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Indian renewable sector at crossroads

LiveMint logoLiveMint 26-09-2017 Vinay Rustagi

It has been nearly three years since the announcement of the 100 gigawatt (GW) solar capacity target for March 2022. The sector has made huge strides in this time and it is a good time to take stock of the progress made so far and analyse key trends.

Annual capacity addition has grown in the last three years at a compounded annual growth rate of 80% to an estimated 16 GW as of September. Top international and Indian investors, including private equity funds, sovereign wealth funds, conglomerates and utilities have entered the market, drawn by its high growth prospects and supportive policy framework. Growing capacity addition and private sector interest provide a ringing endorsement of government vision. In fact, it is remarkable that financing, which used to be touted as the main barrier to sector growth, has turned into a key enabler. As the sector matures, however, it faces new challenges and the policy environment needs to adapt accordingly.

The sector’s growth has been very patchy—Karnataka, Andhra Pradesh, Telangana and Tamil Nadu account for 56% of total operational plus pipeline capacity. In contrast, their combined power consumption is only about 25% of national consumption. By 2018, renewable power penetration in these states is expected to cross 20%, generally regarded as a critical threshold for grid stability. Most other states, including Maharashtra and Gujarat, are already power-surplus, the result of breakneck thermal power capacity addition in the last five years (91 GW), and hence moving cautiously on renewable power. The problem is so acute that the ministry of power envisages no new thermal power capacity from 2022-27 and the recent economic survey has called for rationalization of renewable capacity addition.

The result ironically is that demand for solar power is slowing down when tariffs have fallen to a low of Rs2.42 per kWh, making solar power the cheapest new source of power in India. We expect utility-scale solar capacity addition to slow down to about 5 GW per annum, down from about 8 GW in 2017, over the next three-four years before the excess supply situation eases.

Aggressive bidding and the sharp fall in prices have raised concerns whether the solar sector will suffer the same fate as thermal power or roads, where irrational pricing led to many projects being abandoned or financially distressed. Our assessment is that because of their short gestation period, credible sponsor groups and small individual project sizes, most solar projects will come online as planned. Delays are possible and some investors will bear pain but the banks should be largely protected.

The steep fall in tariffs has led to “buyer’s remorse” for many distribution companies (discoms), which have procured solar power at higher prices and are now trying to wriggle out of their commitments. States are not only scrapping ongoing tenders but also, in some cases, seeking to renegotiate or cancel previously allocated projects. We are hopeful that the regulators and judiciary bodies will clamp down on such unilateral attempts as happened in Gujarat in 2014, when the state’s discoms tried to renegotiate their high-priced power purchase agreements. Wayward discoms, poor planning and policy uncertainty pose the biggest challenges to the sector. Private investors, particularly international players, need reassurance that contracts will be honoured.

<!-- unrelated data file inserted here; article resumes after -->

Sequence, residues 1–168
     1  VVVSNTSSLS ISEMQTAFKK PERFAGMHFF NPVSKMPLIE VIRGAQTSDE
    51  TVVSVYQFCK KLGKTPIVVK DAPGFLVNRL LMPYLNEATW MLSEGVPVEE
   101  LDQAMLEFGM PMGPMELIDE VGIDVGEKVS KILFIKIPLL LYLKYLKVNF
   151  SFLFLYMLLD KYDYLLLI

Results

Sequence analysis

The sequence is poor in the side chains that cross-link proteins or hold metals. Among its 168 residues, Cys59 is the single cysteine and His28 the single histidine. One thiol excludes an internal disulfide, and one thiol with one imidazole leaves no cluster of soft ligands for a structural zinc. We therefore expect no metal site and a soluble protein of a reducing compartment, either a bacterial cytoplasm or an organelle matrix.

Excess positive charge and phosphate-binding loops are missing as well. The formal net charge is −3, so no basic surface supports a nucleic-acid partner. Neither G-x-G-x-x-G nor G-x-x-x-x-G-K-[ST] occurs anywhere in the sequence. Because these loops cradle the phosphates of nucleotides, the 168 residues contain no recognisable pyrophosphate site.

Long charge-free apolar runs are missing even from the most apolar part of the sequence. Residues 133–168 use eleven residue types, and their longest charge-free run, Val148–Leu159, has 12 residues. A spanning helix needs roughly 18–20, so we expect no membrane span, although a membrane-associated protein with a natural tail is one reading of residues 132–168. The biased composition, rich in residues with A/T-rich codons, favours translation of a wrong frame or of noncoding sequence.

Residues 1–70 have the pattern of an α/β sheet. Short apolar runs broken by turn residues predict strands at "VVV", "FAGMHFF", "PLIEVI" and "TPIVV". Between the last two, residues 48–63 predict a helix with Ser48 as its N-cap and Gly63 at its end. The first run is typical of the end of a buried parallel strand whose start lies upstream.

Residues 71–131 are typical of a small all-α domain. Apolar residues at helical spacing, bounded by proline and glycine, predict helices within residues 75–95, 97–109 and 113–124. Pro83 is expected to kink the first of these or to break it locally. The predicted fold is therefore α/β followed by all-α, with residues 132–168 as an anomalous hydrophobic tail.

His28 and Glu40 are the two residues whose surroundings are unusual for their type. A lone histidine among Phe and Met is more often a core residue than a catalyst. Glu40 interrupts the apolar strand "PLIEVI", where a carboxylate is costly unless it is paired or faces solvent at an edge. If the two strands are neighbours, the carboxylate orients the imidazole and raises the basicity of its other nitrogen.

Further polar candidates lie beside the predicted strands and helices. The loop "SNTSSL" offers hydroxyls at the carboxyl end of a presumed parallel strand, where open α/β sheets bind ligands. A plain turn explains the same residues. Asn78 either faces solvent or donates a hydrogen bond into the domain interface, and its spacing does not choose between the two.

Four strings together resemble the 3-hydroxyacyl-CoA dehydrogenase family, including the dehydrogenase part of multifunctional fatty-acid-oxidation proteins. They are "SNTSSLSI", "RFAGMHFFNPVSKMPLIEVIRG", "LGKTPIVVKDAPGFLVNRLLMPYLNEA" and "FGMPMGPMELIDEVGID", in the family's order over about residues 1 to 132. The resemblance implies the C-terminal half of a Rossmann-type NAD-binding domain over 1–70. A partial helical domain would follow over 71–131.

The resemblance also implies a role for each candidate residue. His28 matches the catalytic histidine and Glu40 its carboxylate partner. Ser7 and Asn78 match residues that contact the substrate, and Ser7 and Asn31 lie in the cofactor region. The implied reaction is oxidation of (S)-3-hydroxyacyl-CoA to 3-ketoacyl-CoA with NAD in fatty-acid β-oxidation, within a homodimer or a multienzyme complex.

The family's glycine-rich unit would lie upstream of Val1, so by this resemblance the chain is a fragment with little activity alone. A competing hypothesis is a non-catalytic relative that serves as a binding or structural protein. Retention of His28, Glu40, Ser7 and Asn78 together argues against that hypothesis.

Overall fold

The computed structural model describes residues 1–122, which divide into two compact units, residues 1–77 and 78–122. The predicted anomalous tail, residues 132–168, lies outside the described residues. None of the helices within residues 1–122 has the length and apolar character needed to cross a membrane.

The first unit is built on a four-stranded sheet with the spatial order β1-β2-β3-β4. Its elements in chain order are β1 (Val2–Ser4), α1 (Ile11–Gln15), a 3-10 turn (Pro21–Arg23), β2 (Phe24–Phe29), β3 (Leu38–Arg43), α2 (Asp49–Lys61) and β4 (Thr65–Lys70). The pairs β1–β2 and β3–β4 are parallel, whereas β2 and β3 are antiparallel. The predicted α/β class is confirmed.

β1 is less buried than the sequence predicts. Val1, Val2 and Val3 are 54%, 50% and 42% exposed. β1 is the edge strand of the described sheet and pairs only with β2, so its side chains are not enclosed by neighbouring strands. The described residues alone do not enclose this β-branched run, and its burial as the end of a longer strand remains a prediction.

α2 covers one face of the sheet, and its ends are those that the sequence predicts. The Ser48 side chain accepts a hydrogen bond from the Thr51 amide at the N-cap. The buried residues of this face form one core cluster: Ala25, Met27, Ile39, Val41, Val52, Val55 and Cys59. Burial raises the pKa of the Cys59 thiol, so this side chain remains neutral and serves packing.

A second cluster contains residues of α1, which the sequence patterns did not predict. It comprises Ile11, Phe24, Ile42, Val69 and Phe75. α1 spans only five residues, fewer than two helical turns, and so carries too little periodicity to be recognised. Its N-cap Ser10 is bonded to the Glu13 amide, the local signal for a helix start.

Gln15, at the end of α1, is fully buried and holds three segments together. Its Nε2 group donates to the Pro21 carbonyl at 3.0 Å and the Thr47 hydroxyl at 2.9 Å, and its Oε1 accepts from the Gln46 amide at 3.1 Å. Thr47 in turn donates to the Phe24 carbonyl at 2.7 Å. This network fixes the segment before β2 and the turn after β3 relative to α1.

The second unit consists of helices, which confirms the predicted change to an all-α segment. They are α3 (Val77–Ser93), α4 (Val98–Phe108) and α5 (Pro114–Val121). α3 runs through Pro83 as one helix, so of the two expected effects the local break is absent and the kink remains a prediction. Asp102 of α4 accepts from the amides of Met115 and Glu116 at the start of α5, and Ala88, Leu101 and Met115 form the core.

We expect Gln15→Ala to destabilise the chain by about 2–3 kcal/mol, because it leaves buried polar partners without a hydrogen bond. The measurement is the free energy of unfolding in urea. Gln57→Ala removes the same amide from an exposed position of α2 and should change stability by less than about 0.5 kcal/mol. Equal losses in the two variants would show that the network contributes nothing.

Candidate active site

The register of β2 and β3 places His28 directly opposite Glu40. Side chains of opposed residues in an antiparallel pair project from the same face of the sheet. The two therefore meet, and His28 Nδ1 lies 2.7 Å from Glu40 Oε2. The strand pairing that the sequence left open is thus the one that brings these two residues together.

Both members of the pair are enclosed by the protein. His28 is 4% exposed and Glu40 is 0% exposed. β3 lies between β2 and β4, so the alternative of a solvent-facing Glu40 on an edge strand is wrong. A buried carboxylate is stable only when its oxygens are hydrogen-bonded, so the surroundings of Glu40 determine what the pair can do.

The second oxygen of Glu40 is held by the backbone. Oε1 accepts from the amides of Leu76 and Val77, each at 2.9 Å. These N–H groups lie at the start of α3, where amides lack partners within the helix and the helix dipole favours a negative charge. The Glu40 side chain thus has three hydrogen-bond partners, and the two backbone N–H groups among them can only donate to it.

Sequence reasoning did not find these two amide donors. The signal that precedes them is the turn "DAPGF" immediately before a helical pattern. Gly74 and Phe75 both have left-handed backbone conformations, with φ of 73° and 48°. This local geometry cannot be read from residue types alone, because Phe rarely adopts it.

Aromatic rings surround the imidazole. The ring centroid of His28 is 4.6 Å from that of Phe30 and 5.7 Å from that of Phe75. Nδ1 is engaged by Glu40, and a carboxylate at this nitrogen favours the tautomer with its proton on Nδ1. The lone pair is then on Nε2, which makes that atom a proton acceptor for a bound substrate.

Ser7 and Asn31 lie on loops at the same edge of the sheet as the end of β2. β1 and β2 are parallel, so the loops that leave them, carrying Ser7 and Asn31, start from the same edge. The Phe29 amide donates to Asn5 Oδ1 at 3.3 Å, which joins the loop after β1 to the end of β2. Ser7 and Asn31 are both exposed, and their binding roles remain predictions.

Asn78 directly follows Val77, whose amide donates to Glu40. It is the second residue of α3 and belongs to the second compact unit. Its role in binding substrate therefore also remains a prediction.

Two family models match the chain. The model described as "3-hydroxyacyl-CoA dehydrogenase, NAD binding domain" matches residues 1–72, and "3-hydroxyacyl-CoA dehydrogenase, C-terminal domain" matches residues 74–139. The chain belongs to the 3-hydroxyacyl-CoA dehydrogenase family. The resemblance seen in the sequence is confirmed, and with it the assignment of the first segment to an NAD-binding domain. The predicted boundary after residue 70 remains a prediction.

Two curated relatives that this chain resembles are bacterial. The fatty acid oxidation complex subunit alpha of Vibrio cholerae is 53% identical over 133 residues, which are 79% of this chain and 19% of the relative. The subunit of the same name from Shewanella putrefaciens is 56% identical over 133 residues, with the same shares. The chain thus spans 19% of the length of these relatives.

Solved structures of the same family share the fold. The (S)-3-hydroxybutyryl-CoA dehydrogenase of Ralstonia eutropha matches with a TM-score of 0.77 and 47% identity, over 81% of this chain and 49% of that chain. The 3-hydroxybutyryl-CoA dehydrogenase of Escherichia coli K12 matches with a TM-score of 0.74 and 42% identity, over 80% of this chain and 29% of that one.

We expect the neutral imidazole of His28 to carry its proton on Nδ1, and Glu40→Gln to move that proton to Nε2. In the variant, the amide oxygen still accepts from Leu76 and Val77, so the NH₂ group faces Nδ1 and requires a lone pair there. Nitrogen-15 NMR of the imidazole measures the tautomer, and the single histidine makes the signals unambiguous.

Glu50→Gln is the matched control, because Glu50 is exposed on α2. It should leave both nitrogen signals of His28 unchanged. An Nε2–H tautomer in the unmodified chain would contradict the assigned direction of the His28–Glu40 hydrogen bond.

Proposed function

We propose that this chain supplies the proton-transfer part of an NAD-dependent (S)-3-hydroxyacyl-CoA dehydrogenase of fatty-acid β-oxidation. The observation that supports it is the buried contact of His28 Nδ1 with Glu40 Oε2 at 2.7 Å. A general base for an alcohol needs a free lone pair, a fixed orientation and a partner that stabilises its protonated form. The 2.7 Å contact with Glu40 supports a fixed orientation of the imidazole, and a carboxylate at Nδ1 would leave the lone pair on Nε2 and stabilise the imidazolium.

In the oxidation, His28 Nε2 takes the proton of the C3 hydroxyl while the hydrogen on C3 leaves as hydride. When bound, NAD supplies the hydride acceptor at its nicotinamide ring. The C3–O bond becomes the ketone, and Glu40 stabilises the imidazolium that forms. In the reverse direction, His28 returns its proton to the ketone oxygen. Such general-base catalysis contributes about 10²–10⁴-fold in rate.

As the sector matures, incentives provided by the government—capital subsidies, accelerated depreciation, free transmission, zero value-added tax, etc.—are being gradually wound down. Instead, the sector faces a growing challenge of how variable, intermittent power can be absorbed into the grid. More stringent forecasting and scheduling restrictions are on their way and the “must run” status of the sector is also under threat.

Solar panel manufacturing also remains a dilemma. Domestically manufactured modules account for less than 10% of consumption notwithstanding the Make In India campaign and policies such as domestic content requirement. Total import bill for the sector is estimated at Rs30,000 crore this year, about 1% of total imports. This may not be a daunting amount but the conundrum for policymakers is whether we need cheap power or economic growth and jobs. Are we just replacing oil imports from West Asia with equipment imports from China? Domestic manufacturers have petitioned for protectionist duties. A cogent long-term vision for manufacturing sector is missing and there are fears that India has missed the bus on manufacturing.

Inevitably, these challenges need to be addressed to achieve solar power potential in India. The 100 GW target for 2022 may be too ambitious but there should be no doubt that solar is the right technology for addressing many of India’s energy sector woes—cost, access, air quality and security. It has the potential to transform our economy, environment and the lives of hundreds of millions of our citizens.

If prices keep falling even at a reduced rate of 5-7% per annum, as is widely believed, solar power will become vastly more attractive than other competing power sources. We could be looking at solar power at Rs1.50 per unit in a few years. Improvements in storage technology will solve the main challenge of intermittency. That will mean 24x7 solar power at attractive prices and no environmental burden. We are confident that long-term growth of solar power in India will be faster than most industry forecasts.

Vinay Rustagi is managing director at Bridge To India. Comments are welcome at theirview@livemint.com

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